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Steve Kilbey tells Scott Kara about giving up control and living under the Milky Way Print E-mail
Friday, 27 July 2007

Steve talks about the effects of having Milky Way in the band's quiver, and how he used to try and control all aspects of the band's songs. This appeared in the New Zealand Herald.



HD Still seeing stars above the Church

WC 889 words

PD 27 July 2007

SN New Zealand Herald


LA English

CY (c) 2007 The New Zealand Herald


ROCK: Church leader Steve Kilbey tells Scott Kara about giving up control and living under the Milky Way

STEVE KILBEY reckons he's lucky he wrote a good hit song. ``Imagine being the guy who has to play Shaddap You Face every night?'' laughs the laconic frontman from Australian psychedelic alt-rockers the Church.



He wrote the band's 1988 world- wide hit, Under the Milky Way, and insists ``it's a good albatross to have hanging round your neck''.

When he plays a solo show in Auckland's Transmission Room tomorrow he will play Under the Milky Way. ``It'd be churlish not to,'' he reasons.

That dreamy, yet catchy song did for the Church what Don't Dream It's Over did for Crowded House - it made them a household name in the United States and well-known around the world. ``And it still brings a bit of money in'' reflects Kilbey.

But, he says of the song he co-wrote with his girlfriend of the time: ``It never seemed at any time like we actually enjoyed it.

``When the touring and all that was over the song was over as well and then suddenly there was all this pressure to have an even bigger and better hit. Of course, it didn't happen and the parade moved on and we were left going, `What? What?' So it was an interesting experience.''

The Church formed in Sydney in 1980 and despite some creative and personal differences over the years, the core three of Kilbey, and guitarists Marty Willson-Piper and Peter Koppes, have continued to release albums ever since.

Kilbey has also released solo albums with a more unusual and experimental rock twist.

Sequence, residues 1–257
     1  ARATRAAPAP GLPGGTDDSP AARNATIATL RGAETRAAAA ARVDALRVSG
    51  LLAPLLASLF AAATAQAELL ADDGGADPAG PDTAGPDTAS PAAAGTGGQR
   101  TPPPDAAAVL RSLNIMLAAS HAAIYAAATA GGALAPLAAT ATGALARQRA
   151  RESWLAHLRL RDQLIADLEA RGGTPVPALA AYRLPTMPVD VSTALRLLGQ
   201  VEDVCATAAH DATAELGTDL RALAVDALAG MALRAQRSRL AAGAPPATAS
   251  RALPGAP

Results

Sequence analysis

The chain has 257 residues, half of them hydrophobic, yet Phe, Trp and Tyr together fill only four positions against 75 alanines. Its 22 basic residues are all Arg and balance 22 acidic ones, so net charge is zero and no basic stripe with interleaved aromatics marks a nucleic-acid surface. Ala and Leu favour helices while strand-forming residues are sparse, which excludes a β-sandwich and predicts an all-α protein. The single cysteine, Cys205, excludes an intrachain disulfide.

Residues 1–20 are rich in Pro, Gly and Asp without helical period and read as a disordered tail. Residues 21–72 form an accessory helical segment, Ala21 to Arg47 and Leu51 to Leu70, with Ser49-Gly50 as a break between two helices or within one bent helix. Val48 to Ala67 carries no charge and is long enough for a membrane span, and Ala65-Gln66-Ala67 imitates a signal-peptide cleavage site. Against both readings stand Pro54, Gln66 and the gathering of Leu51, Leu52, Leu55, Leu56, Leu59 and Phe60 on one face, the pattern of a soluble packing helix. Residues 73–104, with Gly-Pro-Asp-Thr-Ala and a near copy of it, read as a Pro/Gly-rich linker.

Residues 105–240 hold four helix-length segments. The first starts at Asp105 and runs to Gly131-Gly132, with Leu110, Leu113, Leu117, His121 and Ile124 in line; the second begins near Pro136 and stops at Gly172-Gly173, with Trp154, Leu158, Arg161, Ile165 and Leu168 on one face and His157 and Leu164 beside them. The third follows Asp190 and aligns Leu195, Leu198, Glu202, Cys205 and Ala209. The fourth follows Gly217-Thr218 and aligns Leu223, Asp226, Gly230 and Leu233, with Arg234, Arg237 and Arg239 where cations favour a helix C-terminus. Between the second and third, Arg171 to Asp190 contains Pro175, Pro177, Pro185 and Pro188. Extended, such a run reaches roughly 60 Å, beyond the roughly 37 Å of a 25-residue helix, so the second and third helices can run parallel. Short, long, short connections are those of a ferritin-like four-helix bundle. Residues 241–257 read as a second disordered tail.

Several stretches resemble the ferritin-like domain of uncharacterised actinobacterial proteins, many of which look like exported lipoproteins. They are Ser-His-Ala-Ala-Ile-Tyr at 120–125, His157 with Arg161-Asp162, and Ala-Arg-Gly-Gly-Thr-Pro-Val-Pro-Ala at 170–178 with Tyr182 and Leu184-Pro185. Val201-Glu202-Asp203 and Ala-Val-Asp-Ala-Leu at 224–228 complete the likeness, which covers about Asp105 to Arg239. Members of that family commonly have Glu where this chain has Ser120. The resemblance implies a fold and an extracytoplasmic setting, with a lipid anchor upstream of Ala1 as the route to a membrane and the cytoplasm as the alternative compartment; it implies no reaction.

While Under the Milky Way made the band mainstream stars for a time, earlier albums such as debut Of Skins and Heart, including their first rousing hit song, Unguarded Moment, and The Blurred Crusade, featuring Almost With You and When You Were Mine, earned them a loyal fanbase in Australia and among indie rock fans overseas.

In the 80s, with the Go Betweens and the Triffids, the Church's eloquent and poignant rock'n'roll was unique in Australia compared to the brash pub- rock of acts like Cold Chisel and Midnight Oil.

``One thing the Church always had in common was not the things we liked, but the things we hated.

``That kept us united through bad times - so we were determined we weren't going to be an Oz pub-rock band.

``But we were never as big as the Chisel, or the Oil. We were selling out big pubs, they were selling out arenas.''

On the band's first best-of collection, Hindsight, from 1988, Kilbey states in the liner notes that the song It's No Reason was when ``rock'n'roll and the Church part ways - my fault entirely I'm afraid''.

On reflection he's not so adamant. ``I think in the early days I didn't like rock so much. I've re-embraced it now,'' he says. ``In the early days I was always trying to get away from it because I fancied myself singing these big ballads, or being a torch singer or something. It never worked.''

That comment from Hindsight gives a small indication of Kilbey's control freak tendencies and the power he wielded over the band, which came to a head on 1983's Seance album.

``That was probably the most solo record that the Church has ever made in terms of me telling everybody what to play and being a complete control freak.''

He says on 1986's Heyday that's all changed and since then the Church have written everything together.

``We re-emerged with that album and we figured out what we wanted to do. I decided I didn't want to have this control, and I could feel it suffocating the band in every way. I think we got much better results from there on in.

``But,'' he adds wryly, ``I was still kind of directing chord changes from my bass.''

Now, he says almost grumpily, he doesn't even bother to show the band the songs he's written by himself. ``They don't want to do those, they'd rather do the ones we've written together.''

He says he's glad he is no longer a control freak. ``It was too much work. It wasn't a position I wanted to be in. So many times I would be like the school teacher with the three naughty boys who didn't want to do what the teacher wanted them to.''

And after 15 Church albums, numerous solo and collaborative albums, you won't catch Kilbey running round like Mick Jagger, singing angsty, emotional and earnest love songs he wrote 25 years ago.

``Some songs that you write when you're 20 you can't play when you're 50. I think Mick Jagger is ridiculous running round the stage singing I Can't Get No Satisfaction at 63.''

Which is another reason he still plays Under the Milky Way to this day.

``It's a kind of universal every-age song. I'm lucky that I can go on doing it forever and not feel silly about it.''

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